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This is a pretty sweet write-up of a really useful mod. Appreciate your sharing it. Too bad I already went with one of the commercial units for this.

What would be a real boon to those of us living in the Florida to Texas swath of the country, would be something to help us leave our windows cracked open during the hot-as-three-hells summer, but that would roll them up during the frequent surprise rain showers. It seems that an arduino based (or other) controller that could be linked to the auto rain sensor, with maybe a switch or automatic timer (to avoid inadvertantly depleting the battery) would work. I just don't have the electronic smarts to make this happen. It might need to interface with the alarm also, if there are voltage or current sensors. Anyone up for the challenge? I would pay for this solution, and feel others would also. For six months out of the year, it is a dilemma as to whether to risk rain on the leather seats, or to bake them at 180F, or take the time to conspicuously put a goofy partial cover over the car.
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Old 04-24-2014, 10:03 AM   #7
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Quote:
Originally Posted by particlewave View Post
Very nice work!

+1!

Nice job!
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Old 04-26-2014, 09:40 PM   #8
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Nice work.

I wonder if I could impliment that on a TI EZ430-f2012, to be thumbnail size.
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Old 05-02-2014, 07:11 PM   #9
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WHat is involved in programming the Arduino module ?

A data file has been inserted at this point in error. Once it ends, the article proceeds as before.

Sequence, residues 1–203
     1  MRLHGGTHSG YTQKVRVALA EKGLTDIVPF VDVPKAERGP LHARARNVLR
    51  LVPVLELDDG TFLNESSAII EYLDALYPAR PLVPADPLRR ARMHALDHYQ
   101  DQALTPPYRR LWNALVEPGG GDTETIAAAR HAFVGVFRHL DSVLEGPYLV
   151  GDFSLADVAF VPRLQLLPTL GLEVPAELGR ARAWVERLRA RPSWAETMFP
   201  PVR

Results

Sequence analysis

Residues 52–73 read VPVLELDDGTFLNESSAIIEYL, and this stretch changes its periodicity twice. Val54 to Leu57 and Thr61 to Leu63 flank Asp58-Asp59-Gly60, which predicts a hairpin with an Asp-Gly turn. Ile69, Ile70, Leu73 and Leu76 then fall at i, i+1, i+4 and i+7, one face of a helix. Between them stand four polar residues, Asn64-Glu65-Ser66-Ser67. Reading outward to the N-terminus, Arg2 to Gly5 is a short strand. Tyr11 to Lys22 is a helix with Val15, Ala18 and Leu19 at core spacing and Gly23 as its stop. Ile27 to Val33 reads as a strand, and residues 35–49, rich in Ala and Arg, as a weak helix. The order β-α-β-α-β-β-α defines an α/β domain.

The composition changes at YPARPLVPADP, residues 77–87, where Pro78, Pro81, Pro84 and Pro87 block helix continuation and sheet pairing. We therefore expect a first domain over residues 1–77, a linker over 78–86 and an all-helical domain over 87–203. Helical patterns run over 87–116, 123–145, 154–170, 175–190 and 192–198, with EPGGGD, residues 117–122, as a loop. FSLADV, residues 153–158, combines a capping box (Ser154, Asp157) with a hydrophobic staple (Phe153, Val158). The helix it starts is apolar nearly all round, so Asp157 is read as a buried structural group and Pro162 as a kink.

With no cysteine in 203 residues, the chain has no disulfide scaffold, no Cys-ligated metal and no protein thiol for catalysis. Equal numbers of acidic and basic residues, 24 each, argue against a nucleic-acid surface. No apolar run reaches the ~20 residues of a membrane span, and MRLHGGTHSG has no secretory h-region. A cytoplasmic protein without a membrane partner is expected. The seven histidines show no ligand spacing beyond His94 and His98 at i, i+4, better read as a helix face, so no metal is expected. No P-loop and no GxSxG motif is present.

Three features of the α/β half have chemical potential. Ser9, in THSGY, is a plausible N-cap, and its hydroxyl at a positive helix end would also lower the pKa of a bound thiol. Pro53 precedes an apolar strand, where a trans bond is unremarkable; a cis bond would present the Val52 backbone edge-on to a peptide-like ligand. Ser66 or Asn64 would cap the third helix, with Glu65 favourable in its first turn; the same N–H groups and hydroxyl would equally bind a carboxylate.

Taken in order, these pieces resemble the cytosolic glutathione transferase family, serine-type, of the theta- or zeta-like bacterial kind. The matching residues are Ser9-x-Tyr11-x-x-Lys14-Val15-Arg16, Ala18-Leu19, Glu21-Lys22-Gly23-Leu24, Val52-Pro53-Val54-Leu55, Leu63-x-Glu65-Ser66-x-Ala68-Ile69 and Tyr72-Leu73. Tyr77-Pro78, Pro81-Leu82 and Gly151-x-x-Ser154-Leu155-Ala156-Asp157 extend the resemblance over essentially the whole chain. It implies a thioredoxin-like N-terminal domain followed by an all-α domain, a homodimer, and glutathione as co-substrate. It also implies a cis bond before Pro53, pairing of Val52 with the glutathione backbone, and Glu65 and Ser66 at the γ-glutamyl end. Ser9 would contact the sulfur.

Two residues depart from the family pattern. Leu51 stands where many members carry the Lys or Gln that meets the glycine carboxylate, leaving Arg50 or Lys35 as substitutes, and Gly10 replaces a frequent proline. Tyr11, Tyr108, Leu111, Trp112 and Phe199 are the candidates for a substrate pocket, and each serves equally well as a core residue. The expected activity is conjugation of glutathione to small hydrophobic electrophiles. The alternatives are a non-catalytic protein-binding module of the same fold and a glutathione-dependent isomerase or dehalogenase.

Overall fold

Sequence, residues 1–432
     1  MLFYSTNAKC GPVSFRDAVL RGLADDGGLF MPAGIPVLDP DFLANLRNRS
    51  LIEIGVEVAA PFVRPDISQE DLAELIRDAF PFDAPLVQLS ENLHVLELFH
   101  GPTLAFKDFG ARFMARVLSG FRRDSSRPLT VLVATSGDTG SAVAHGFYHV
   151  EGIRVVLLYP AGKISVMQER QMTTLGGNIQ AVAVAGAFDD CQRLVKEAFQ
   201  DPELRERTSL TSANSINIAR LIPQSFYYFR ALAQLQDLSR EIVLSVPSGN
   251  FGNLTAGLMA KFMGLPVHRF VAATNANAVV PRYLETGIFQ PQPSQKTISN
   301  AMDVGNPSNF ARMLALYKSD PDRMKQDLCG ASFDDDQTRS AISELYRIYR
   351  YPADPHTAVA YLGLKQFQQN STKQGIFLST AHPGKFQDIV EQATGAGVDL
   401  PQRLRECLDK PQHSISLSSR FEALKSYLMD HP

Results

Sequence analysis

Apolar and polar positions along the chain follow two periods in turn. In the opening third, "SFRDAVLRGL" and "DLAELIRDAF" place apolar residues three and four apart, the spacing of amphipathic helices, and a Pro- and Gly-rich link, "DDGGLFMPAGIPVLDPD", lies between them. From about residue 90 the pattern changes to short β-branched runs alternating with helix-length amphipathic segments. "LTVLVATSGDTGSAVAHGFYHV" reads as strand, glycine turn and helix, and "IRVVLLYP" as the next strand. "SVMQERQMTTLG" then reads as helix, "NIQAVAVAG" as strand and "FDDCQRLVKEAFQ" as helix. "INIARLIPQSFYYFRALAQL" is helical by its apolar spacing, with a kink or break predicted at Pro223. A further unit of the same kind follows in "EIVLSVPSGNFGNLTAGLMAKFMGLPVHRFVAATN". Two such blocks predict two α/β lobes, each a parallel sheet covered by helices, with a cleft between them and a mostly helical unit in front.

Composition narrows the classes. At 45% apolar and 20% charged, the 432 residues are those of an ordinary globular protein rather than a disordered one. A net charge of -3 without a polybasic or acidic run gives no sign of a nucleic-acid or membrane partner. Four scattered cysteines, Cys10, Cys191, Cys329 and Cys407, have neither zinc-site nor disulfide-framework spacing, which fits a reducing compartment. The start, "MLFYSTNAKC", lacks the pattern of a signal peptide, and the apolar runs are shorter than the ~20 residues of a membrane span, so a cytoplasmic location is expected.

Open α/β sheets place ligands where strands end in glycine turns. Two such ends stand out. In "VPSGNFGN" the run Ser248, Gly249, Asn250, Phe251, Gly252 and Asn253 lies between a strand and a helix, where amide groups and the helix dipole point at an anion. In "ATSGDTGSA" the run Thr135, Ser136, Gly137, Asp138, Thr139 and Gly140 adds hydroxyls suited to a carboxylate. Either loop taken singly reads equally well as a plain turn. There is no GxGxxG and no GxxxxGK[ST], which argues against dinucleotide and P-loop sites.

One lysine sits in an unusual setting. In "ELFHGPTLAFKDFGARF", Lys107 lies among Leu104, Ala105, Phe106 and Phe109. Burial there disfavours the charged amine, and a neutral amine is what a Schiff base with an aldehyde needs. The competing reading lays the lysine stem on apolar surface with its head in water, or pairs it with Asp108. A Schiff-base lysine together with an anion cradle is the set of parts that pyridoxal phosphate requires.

Thanks
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Old 05-02-2014, 07:31 PM   #10
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This is a great DYI! very cool idea.
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Old 05-03-2014, 05:38 PM   #11
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Very impressive, Polaris. And thank you for the write-up.

I have a question. If you long-press to open/close the top half way, what happens when you then do a short-press to auto open/close? Will it know when to stop?

Thanks.
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Old 05-03-2014, 08:09 PM   #12
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Quote:
Originally Posted by Pdwight View Post
WHat is involved in programming the Arduino module ?

Thanks
Dwight
Although I have not built Polaris's project I do program various arduino boards and can tell you what you need to do.

If the arduino board you decide to use does not have the USB adapter built in, then you need an FTDI card that connects between your computer and the arduino. ~$15.

1) download the arduino IDE softwars onto your computer. Free
2) create a new project and copy paste the supplied code into it
3) Select the arduino board type in the software and compile/load the software onto the arduino.

Thats it.....easy peasey!

Wire it up and test it. You can reload and modify to yours hearts content.

The arduino is probably $15 each from a US source plus I think you will need one ftdi board which will work on most arduinos with or without the onboard usb .

if anyone needs help I can assist. I think I'd like to make one as well.
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Old 05-04-2014, 02:06 AM   #13
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I think this project is cool

It just shows what can be done with a $15 Arduino applied to car.

One project I've seen; a Japanese car with fully prototyped coilovers & controlled by Arduino. Two independent stepper motors per coilover, a set of both bevel and worm gear box, cardan joints and shafts. Its working and incredible (and heavy lol). Dynamic tuning while driving/racing with pressure sensors, and he has the ability to select a static ride height and preload pre-set for any given road trip.

DIY active suspension powered by Arduino
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Old 05-06-2014, 11:07 AM   #14
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Quote:
Originally Posted by jb92563 View Post